Perhaps the reason there is more activity in the areas you looked at is because there are simply more people doing that type of work.

mdvaden
11-25-2006, 10:16 PM
HPerhaps the reason there is more activity in the areas you looked at is because there are simply more people doing that type of work.

Possible.

There probably are more lawn companies on Lawnsite than there are landscape contractors. Trends are still interesting to pay attention to though.

For example, look at Arborist Site .... Pick one fo the biggest threads for posts ...

It's the exception there where you see somebody's signature line with a list of their equipment, and when that shows up, it's typically minute.

But in Lawn Site, it's almost the norm that someone's signature is a list of their lawn mower down to their leaf rake.

That's just one other category of trend.

Lawnman_Scott mentioned an interesting observation a little bit ago. If it's where I'm thinking of, they are hard-pressed for bandwidth too - very slow page loading.

That's one thing I like about LawnSite, is that generally, the thread displays and postings move along at a fairly good clip.

I think what happens is most guys get sucked into fert. and weed control...

They have a customer for which they do lawn maint. Then their customer notices that they have weeds creeping in so they ask "said lawn guy" if he can take care of the problem, YES is the answer, but instead of subing it out, try to make a buck doing it themselves. (without a license)

It surprised me to find out that in Oregon, landscape maintenance guys don't need a pesticide license if they don't advertise or use power equipment. It's a bit limited, but basically they can do it as part of the lawn mowing monthly. The noose got tightened here, so I hear, but apparently on licensed landscape contractors, not the landscape maintenance, who need no bond, insurance or pesticide license if they play their cards that way.

If it changed, it was just recently.

TURFLORD
11-26-2006, 12:16 PM
Oregon landscapers must pass tests, and many more landscape contractors have been to college, and have more experience than lawn mowing outfits.

That means that the landscape contractors - typically - have more knowledge and resources, and don't need quite as much assistance.

Whereas the mowing guys, have less, and would be landscape contractors if they had the extra education.

There are several landscapers here that also provide lawn care, although their lawn employees are typically entry-level to minimal education except for supervisor / crew leader types. Just catching up with the thread now. Sorry, but still not satisfied with the rebuttal. This thread has, as so many others have, gone off on a tangent. I know thats a big word for an unedumuhcated boob such as myself, but please allow me to indulge myself. My original question has not been answered, but averted. If you claim that I've missed the point, please expand on your statement and descibe just what you meant....please. And, if, you are indeed claiming modesty, why is the font of your sig line 5x the size of everything else on the page?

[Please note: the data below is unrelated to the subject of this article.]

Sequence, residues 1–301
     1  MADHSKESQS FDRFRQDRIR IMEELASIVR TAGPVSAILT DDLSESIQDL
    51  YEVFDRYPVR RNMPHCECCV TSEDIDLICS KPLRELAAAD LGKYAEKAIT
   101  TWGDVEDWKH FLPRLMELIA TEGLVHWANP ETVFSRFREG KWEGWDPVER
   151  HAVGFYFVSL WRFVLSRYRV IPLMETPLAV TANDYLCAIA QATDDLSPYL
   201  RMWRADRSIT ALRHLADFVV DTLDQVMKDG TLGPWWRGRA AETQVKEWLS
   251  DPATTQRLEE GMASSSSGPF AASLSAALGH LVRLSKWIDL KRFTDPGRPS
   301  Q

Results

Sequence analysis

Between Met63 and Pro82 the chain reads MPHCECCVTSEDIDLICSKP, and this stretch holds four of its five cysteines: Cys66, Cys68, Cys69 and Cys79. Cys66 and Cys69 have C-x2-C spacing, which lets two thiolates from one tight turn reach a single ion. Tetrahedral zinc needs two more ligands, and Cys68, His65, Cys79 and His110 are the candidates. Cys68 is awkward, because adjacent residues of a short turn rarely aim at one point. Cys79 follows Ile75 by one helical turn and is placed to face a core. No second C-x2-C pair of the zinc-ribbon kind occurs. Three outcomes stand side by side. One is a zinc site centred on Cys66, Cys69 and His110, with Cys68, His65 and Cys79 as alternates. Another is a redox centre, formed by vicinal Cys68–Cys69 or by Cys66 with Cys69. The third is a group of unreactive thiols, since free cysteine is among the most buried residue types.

paponte
11-26-2006, 12:56 PM
Simply put, because most people that enter this field start out in the maintenance business. As stated no certifications are needed, and much less capital is needed. Let's be realistic, all you need is a mower, trimmer, and a blower. I see 8yr olds cutting their grass, how much knowledge is really needed to mow lawns? I know I'll get some rebuttal from that comment, but let's be real.

YardPro
11-26-2006, 01:14 PM
i think that people are taking this as a disparagement.... it has not been...

The truth is that there are many more companies doing mowing than installs....
and the experience level of these mowing companies is on average lower...

I say this because the mowing is the foot in the door for most people into the landscape industry. The guys doing only chem, apps, or only installs usually come from the mowing arena.
very few go straight into installation.

this being said there is a greater percentage of inexperienced people mowing than other areas of the landscape industry...

Does that mean that all the guys mowing are inexperienced... NOT AT ALL...
nor does it mean that running a successful mowing business requires any less business skill than instals, etc...

MattsMowing3535
11-26-2006, 02:00 PM
I think that it also has alot to do with the age people are starting there companies. In order to landscape well you have to work with another company for at least a year or so and then learn the basics threw them. However in order to cut grass all you really need is a lawn of your own that you have been cutting for a few years. Someone already went over this but all you need to cut grass is a mower,trimmer,blower and maybe an edger. When it comes to landscaping you need some heaver equipment that in the end cost's alot more! Now for an explanation of what I meant by it being the age that people begin there business. I have been cutting my yard since I was 9 and I started to cut other yards when I was 11. Now I have a much larger client base for mowing. However even though I really wanted to start into landscaping I knew there was no way. I would't be surprised if half of the post's in the mowing sections are from people under 18 like me just trying to get down what we should have to start! Yes we don't have as much knowledge, but that is because were just teen's! The other half of the post's would be from the professionals just trying to do the right thing and help us out. I think that from grass cutting to landscaping the only difference in knowledge is what area they have the most knowledge of.